The Ascension ProjectThe Ascension Project

When the Gift Is Pure

When the Gift is PureThroughout my career as an educator and youth development worker, I have led student trips to 15 different
countries. All 15 trips remain vivid to me, but the 2001 Boys Club of New York experience in Cuba has
special resonance.

The mission was meant to be part adventure, part outreach. The boys spent months raising more than $5,000
to purchase athletic, academic and medical supplies for their Cuban counterparts.

For two weeks before we left, we studied Cuba's history and its complex relationship with the United States.
Professors gave lectures and led discussions. Our boys fully understood that their goodwill mission may not
be as well-received as they had hoped.

With approval from the U.S. State Department, we left early one morning from JFK. We arrived in Havana
just after dawn. Our early-morning arrival allowed us to breeze through customs, and although all our papers
were in order, high-ranking airport officials closely monitored the review of our documents and inspection of
our bags. We were certainly objects of curiosity, and by the time we got to our hotel, the news of our arrival
brought a crowd to welcome us.

We felt that welcome and saw those crowds for the next 18 days, wherever we were to travel. The boys, who
had been chosen because of their success in the classroom and on the basketball court, competed against
many of Cuba's top athletes in exhibition games. Fans followed our progress from one arena to another. And
even though we were playing in some of the countries' most prestigious venues, the facilities themselves, all
of them, were in poor repair.

We were traveling under the banner of "amistad e igualdad," friendship and equality, which turned out to be apt.
We made friends easily, and found Cuban people to be warm and genuine. They harbored no ill-will toward
Americans, and spoke openly of their hope for the day when relations with the U.S. could be normalized.

Meantime, Cuba's poverty and palpable despair were not lost on the young visitors from New York. These
boys live at the margins of their own society, and they know first-hand what it means to struggle. Even so,
delivering the supplies to elementary schools, clinics and training centers wasn't just an act of largesse; it
was humbling. So too was witnessing, day after day, in the countryside and in big cities, the specter of
scarcity. Everything in Cuba is in short supply, and every purchase of even the most basic staple (water, food,
soap) or service (bus, train) requires waiting in a long line. Shampoo, razors and chewing gum, little things
boys hardly think about, are what most Cubans consider luxuries.

It didn't take long for the significance to sink in. The boys grasped how merely getting through the day
required a quiet measure of resolve. One boy summed it up perfectly when he said, "You really have to be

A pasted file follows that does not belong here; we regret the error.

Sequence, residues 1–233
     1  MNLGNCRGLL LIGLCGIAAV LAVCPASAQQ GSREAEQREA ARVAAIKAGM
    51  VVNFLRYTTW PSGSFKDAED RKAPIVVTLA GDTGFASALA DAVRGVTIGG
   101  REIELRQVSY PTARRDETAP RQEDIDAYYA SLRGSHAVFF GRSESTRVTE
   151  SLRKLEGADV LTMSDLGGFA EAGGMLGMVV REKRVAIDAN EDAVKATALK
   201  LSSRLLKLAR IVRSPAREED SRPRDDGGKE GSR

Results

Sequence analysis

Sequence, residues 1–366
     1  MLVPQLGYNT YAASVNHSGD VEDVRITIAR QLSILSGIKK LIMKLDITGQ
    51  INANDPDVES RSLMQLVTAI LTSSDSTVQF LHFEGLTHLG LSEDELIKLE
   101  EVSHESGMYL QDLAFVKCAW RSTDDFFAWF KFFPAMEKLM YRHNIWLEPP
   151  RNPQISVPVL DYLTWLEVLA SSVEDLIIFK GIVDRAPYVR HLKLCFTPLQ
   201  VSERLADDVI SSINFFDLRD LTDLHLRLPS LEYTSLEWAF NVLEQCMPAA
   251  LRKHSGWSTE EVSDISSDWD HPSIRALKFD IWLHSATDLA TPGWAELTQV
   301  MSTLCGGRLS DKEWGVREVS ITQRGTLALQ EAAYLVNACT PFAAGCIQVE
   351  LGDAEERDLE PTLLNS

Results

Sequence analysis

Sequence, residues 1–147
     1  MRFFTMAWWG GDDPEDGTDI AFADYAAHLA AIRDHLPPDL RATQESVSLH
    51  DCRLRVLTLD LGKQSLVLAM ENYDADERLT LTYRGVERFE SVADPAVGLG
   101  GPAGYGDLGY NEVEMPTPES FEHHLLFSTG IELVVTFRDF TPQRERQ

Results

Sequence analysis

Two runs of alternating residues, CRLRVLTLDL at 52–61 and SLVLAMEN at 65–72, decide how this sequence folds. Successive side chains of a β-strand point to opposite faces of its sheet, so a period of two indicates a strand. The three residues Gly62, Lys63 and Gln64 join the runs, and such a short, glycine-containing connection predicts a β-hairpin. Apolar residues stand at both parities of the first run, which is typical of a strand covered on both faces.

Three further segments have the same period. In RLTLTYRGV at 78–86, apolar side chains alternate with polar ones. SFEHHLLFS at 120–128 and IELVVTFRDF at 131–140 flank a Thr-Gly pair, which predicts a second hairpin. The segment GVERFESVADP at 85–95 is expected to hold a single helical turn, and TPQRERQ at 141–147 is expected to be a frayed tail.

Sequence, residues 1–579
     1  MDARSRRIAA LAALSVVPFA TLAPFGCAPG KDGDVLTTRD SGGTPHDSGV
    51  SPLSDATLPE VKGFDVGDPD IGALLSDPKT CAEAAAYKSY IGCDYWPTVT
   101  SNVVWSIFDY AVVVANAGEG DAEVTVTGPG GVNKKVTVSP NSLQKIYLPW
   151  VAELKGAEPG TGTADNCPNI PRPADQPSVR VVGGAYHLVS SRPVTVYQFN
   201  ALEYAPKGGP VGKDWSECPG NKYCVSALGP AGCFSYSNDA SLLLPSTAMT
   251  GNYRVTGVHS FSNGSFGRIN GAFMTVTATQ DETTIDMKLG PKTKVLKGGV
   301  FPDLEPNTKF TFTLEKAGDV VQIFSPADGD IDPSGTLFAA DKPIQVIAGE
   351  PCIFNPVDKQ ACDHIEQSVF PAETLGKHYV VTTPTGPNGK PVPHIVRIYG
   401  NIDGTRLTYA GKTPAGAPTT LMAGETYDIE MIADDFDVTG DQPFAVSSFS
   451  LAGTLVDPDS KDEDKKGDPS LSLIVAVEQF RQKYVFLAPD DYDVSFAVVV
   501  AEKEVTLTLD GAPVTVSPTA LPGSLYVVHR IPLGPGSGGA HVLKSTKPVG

patient when you are poor." But they also saw clearly that one result of this patience and fortitude was a
strong sense of community.

What still haunts me about the Cuba trip happened on our second to the last day there. That was when
we played our third game against Havana's Capitalinos, a professional team made up of former national
team members. We had split the first two games and a healthy rivalry had developed. The game had drawn
city-wide interest, and we were all anticipating a spirited and hard-fought contest.

Our boys played their best basketball of the trip. They started strong and were ahead by 20 before the end of
the first half. You could sense their pride; they were playing well and looking fine in new uniforms and new
sneakers. The Cubans' uniforms were, in fact, not uniforms at all. Some of their players wore sneakers held
together with duct tape. And while they certainly didn't look formidable, they regrouped at half-time and
came out in the 3rd quarter with a new sense of urgency.

The Capitalinos were a little older and more than just a little wiser than the Boys' Club team. As we began
the fourth period, our lead had been reduced to 4. The players were panicking, and there was little we could
do to help. At the buzzer, the Cubans won by a comfortable 10-point margin.

The boys were disappointed, but as it turns out, not defeated. As the adults assembled with the Cuban
coaches, officials and members of the media at center court, our boys and the Cuban players were busy
chatting and exchanging addresses and phone numbers. An hour later, we couldn't help but notice that
most of our boys were standing on the court in their underwear.

In private, long before the game, the team decided to give away their uniforms, sneakers and other articles of
clothing to their opponents. These kids, who've always had to make do with very little, and who treasure the
even most meager of possessions, willingly and even joyously gave them away to others whom they knew
needed them more.

It was a act of purity that moves me still. And as one of our boys declared, "We are all brothers, brothers
from different mothers," I knew the bridges we had built would stand the test of time.

Brad Zervas, Director, The Ascension Project
About Brad Zervas